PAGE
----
Whether or not your front door should open in or out is something you may be asking yourself when remodeling, redesigning, or building a new home from scratch. Your front door is a focal point of the façade of your house and can make a big difference in the overall appearance and curb appeal of your home. It is also the main entrance and exit for your home, so you’ll want to consider security and function as well as the design aspect. We researched this critical topic to find out how your door should open.
Disclosure: We may get commissions for purchases made through links in this post.
For the vast majority of people, a front door should open into the house. For maximum versatility, security, and design appeal, it is likely every home in your neighborhood has a front door that does so. Below are some of the primary considerations contributing to this decision.
- Functionality and Design
- Safety and Security
- Climate Conditions
As with any rule, there are always some exceptions. Depending on your geographic location, it may make more sense, or in fact, be required by building code to go with an outward swinging front door. Continue reading to discover the reasons why most homes do not, as well as the exception to this rule.
Considerations Relating to Door Placement
Functionality and Design
When thinking about any kind of interior or exterior design question, it is a good practice to run through a typical day in your life and consider your potential interactions with the item in question. For the front door, this is relatively simple. You will use it mostly when you enter or leave the house. Whether coming or going from work, carrying in groceries, or taking out the trash.
With grocery bags, a purse or briefcase in one hand, and your keys in the other, it may be difficult to unlock and pull your door open to get inside without stepping backward off of your porch or stoop. The same goes for the delivery person or Girl Scout when you swing the door open at them. It is much easier to push your door open, especially when your hands are full.
If your door doesn’t open inward, you can forget about a screen door and the look and function it provides. Your hinges will also now be visible on the exterior of your home, and even with the hidden security hinge options available, this can be unsightly.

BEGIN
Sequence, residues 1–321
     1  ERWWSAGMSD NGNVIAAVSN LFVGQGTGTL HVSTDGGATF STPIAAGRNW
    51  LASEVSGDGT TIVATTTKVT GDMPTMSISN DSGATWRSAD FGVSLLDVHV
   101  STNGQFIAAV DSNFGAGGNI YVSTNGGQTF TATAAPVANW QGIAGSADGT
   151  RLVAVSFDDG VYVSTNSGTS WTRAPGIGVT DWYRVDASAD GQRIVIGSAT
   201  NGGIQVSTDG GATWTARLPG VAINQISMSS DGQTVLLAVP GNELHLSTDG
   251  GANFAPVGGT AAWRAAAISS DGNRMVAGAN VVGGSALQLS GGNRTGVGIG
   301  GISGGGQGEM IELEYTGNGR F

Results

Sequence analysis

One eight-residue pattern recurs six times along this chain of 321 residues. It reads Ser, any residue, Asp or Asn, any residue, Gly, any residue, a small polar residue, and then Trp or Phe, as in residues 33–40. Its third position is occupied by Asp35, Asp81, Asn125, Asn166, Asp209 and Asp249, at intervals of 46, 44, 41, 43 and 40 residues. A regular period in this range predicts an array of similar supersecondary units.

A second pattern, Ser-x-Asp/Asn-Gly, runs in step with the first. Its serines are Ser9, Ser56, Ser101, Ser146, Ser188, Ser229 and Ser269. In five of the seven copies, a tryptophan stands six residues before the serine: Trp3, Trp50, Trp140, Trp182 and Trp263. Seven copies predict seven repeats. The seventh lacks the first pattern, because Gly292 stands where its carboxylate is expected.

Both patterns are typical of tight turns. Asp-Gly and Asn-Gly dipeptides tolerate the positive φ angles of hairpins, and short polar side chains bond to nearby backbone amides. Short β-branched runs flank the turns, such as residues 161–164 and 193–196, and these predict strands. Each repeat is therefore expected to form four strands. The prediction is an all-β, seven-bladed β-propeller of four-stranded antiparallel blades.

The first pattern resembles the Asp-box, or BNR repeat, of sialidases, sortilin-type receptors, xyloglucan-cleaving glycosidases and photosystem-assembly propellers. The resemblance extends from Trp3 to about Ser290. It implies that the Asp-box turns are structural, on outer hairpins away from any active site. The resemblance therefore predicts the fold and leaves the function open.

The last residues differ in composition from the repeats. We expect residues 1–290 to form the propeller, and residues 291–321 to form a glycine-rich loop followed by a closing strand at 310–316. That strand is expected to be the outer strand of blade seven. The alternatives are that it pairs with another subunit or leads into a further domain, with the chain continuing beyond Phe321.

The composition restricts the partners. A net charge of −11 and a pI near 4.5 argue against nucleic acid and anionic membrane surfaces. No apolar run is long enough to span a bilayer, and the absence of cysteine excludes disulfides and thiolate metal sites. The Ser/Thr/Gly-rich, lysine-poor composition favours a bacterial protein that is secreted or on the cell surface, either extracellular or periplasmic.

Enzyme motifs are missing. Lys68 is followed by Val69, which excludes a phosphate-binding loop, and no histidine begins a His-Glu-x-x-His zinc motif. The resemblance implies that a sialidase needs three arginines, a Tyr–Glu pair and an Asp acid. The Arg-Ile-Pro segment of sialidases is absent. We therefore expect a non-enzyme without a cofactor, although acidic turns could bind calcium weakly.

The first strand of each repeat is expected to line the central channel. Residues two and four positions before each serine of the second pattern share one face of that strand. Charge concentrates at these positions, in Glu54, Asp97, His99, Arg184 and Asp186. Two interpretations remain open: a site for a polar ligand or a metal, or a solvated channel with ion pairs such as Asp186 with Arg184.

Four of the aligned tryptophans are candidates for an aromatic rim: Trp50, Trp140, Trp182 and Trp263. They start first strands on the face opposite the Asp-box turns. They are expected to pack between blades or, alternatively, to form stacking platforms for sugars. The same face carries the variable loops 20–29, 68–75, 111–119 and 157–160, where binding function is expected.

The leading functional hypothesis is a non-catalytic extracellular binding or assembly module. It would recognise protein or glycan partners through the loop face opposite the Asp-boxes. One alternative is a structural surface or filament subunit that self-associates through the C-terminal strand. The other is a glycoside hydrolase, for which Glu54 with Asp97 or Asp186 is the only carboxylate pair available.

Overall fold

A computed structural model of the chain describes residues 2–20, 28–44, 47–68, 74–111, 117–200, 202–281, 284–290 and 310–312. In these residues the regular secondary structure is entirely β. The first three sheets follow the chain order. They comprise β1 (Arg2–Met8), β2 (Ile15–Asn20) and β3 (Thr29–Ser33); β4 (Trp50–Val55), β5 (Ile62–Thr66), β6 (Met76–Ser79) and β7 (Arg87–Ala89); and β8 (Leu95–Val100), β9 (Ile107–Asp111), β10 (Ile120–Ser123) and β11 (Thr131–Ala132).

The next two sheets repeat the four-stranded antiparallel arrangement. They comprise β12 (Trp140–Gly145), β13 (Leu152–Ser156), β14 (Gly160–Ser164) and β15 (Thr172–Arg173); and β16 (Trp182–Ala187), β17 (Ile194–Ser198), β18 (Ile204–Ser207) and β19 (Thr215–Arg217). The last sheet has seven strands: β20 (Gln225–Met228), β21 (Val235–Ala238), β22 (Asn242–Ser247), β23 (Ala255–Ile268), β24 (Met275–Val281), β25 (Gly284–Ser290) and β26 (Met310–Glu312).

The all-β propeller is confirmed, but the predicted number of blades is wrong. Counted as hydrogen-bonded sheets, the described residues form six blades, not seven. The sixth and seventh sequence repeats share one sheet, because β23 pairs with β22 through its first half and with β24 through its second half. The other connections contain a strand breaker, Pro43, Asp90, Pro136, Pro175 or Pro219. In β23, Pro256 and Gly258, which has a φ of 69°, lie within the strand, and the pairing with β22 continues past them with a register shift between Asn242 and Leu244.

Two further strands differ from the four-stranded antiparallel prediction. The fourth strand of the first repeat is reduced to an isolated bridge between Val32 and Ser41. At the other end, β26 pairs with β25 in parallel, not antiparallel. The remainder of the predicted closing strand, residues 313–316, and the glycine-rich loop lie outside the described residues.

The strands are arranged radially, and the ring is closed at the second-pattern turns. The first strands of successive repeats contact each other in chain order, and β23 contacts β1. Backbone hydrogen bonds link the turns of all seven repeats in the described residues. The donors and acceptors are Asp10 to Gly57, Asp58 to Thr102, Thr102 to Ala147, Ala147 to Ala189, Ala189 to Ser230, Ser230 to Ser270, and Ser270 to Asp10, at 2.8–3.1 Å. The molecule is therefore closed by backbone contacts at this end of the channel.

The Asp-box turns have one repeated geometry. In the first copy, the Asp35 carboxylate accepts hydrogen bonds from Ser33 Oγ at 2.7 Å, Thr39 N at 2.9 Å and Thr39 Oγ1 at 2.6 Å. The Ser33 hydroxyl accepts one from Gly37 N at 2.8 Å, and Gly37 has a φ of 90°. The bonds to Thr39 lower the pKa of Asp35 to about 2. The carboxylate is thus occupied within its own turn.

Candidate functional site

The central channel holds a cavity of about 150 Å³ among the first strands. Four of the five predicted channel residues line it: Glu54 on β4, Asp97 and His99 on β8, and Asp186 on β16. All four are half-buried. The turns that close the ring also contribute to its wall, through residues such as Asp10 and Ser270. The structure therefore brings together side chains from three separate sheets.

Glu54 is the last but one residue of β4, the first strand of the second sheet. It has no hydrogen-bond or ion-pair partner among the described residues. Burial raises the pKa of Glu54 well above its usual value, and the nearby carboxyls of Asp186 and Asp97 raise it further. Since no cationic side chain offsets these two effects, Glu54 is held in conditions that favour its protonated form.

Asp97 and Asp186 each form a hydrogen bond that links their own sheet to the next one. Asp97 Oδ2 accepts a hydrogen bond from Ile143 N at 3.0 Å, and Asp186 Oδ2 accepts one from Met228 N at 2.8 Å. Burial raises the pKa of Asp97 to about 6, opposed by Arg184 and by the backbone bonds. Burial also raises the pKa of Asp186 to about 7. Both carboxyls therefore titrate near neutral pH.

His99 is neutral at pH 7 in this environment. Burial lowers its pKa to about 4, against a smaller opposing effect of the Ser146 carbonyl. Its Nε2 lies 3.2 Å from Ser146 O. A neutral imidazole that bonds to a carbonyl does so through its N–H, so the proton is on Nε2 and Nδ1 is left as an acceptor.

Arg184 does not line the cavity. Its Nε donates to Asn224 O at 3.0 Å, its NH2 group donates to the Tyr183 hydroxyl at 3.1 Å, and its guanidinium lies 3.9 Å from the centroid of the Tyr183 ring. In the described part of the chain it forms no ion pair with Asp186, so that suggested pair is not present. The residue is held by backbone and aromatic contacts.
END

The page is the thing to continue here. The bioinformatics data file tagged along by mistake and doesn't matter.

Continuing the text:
Safety and Security
A significant consideration for any entrance to your home should always be safety and security. In the event of a fire or medical emergency, first responders may need to gain access to your home, and you might not be there or able to open the door to let them in. With an inward swinging door, this is a simple task since they will only have to hit the door with enough force to break the lock or the wood where the lock inserts. An outward swinging door is another story. They must also break out the entire door jamb behind the door. Time is everything in an emergency, and this is not an easy or fast task.
An inward swinging door is also easier to shut on a potential intruder. Say you open the door to an unknown person and quickly discover they are up to no good. It is much easier to push the door closed and use your body weight to keep it closed while you lock it and call the authorities than it would be to step onto your porch and try to wrestle control of the door from the intruder.
Several add-on security options will only work with an inward swinging door. The majority of different chains, latches, and bolts will be of no use to you if your door swings out.
If you live in an environment that regularly experiences snowfall in the winter, you might struggle to open your door outward against a snowdrift, or even be locked inside if your door opens outward.
An outward swinging door is also prone to be caught by a gust of wind and slamming into your siding, railing, or maybe even a sconce light on your house. If the top of the door is not weather-sealed, you also risk exposing it to water damage when left open, assuming you don’t have a covered porch.
Some climate considerations may require you to have an outward swinging door, which we will review below.
Why Do Doors Open Outwards in Florida?
After the horrific damage wrought by Hurricane Andrew in 1992, many of the building codes in Florida were amended to require exterior doors to open outward. It is much more difficult for water to penetrate an outward swinging door, and the same strength provided by the door jamb being on the inside makes it much harder for hurricane-force winds to blow debris right through your front door.
Can You Change the Direction a Door Opens?
While it is possible to change the direction a door opens, it is not recommended unless you are forced to do so due to building codes or climate considerations mentioned above. It requires the work of a professional carpenter to remove and replace the entire frame and door which can be time-consuming and expensive
Should Interior Doors Open In or Out?
As with exterior doors, interior doors should open into a room instead of into hallways or traffic areas. This prevents bumping into someone in the hall when opening a bedroom or bathroom door and helps to keep traffic areas clear of obstacles when doors are left open.
An exception might be when designing with the elderly or at-risk person in mind. In this case, you may want to have a bathroom door swing outward. If someone were to fall and become unconscious inside the bathroom, you may not be able to open the door against their body.
While there may be some rare exceptions, it almost always makes the most sense to have a front door that opens into your house. For the best sense of safety, security, design, and function, this one is a no brainer.
For more information on doors for your home, check out these other posts on Homesdecorbliss.com.